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DanAllosso

DanAllosso

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400 Years Of Freethought
Samuel Porter Putnam
Thomas Jefferson: The Art of Power
Jon Meacham
Fairy Tales from the Brothers Grimm: A New English Version
Philip Pullman, Jacob Grimm
Doubt: A History: The Great Doubters and Their Legacy of Innovation from Socrates and Jesus to Thomas Jefferson and Emily Dickinson
Jennifer Michael Hecht
The Kingdom of Matthias: A Story of Sex and Salvation in 19th-Century America
Paul E. Johnson, Sean Wilentz

Roots of Reform: Farmers, Workers, and the American State, 1877-1917 (American Politics and Political Economy Series)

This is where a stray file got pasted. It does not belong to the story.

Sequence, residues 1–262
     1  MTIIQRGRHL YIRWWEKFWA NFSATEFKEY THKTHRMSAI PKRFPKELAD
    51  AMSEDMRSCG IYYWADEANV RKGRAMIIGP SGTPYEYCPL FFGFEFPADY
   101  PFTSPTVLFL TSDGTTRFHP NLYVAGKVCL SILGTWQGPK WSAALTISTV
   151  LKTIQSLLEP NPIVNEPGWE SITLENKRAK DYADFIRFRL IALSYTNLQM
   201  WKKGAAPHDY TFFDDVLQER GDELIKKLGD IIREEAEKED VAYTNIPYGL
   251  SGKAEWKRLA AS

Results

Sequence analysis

Roots of Reform: Farmers, Workers, and the American State, 1877-1917 - Elizabeth Sanders, Benjamin I. Page Sanders argues that “agrarian movements constituted the most important political force driving the development of the American national state in the half century before World War I.” (1) This story has not been well told, she says, because of a “strong urban labor bias” among social historians, and because Marxist-derived social theory perceives the “industrial working class” as the only “significant constituency” opposing the state and its ruling “hegemonic capitalist class.” (2) Sanders says “the dynamic stimulus for Populist and Progressive Era state expansion was the periphery agrarians’ drive to establish public control over a rampaging capitalism.” (3-4) In 1910, “fewer than 9 percent of nonagricultural workers were members of trade unions,” so the agrarians were well-placed to drive their reform message into the mainstream. (5) And they did just that, she says: “the Democratic Party of the post-1896 period was an overwhelmingly agrarian vehicle that carried the legacy of populism.” (4)Sanders argument is based on a very specific definition of agrarianism, that I think holds a lot of explanatory power. “The term ‘agrarian,’” she says, “is used here to reference those agricultural regions...that were devoted to one or two cash crops produced for national and international (as opposed to local) markets.” (28) Sanders distinguishes these “peripheral” agrarians from the more prosperous (?), diversified farmers of perishable and “truck” products for local markets. These “hinterland” farmers are dependent on their urban centers, and their political behavior will reflect this identification. In contrast, “periphery agrarians were more bound to the fate of a single crop (whose price was set in a world market), more distant from crop marketing, storage, and distribution centers; more likely to be dependent on a single rail line and monopolistic or oligopolistic purchasers,” in short, the powerless producers of undifferentiated staples we normally think of, when reading accounts of the farm movement.But for me, the really interesting element of the story might be this wedge Sanders opens between these different types of farmers, as well as between different types of cities. Centers that served rich agricultural areas (Minneapolis, Spokane, even Chicago) displayed different political patterns than eastern cities whose economies relied less on agriculture. “Because of these differences in city functions, the urban-rural distinction per se has limited explanatory power in American politics.” (16) And farmers operating in the corn belt, responsible for “the greatest concentration of corn and meat production in the world,” clearly lived different lives and as a result had different political motivations from the periphery. (17) The fact that the South, “by virtue of its size and the intensity of its grievances...almost inevitably led the periphery voting bloc in Congress,” may be a clue to a relatively unexplored division between farmers. (27) Rather than think of them as sharing a common agenda, maybe we should be looking for the differences of opinion and political priorities that caused some of their major organizations to adopt an apolitical stance. Sanders suggests that political constituencies might be grouped like economic “trading areas,” citing Bensel’s Sectionalism and American Political Development, and his use of Rand McNally trade area maps. This seems like it might be a promising way to look at some of the issues I’m finding in my research, which covers a group of farmers and rural businessmen who seem to be un-accounted for in the traditional story of agrarian radicalism. She concludes that the agrarian-labor coalition failed because it was “rent by class, ethnic, and regional political economy differences that diminished their capacity for economic and political mobilization and--particularly in the case of southern racial segregation--their moral authority.” (412) But most interestingly, Sanders suggests that although the periphery agrarians naturally advocated national government action to right the wrongs of the production/distribution/finance system, they did not support the Progressive-style discretionary bureaucracy they ultimately got. They believed “Policy-making should not be the province of ‘experts’ socially and geographically far removed” from their constituents; it should be “local, decentralized, ad-hoc.” (388-9) So the question (and the story waiting to be told) is, wanting what they wanted, how is it they got what they got?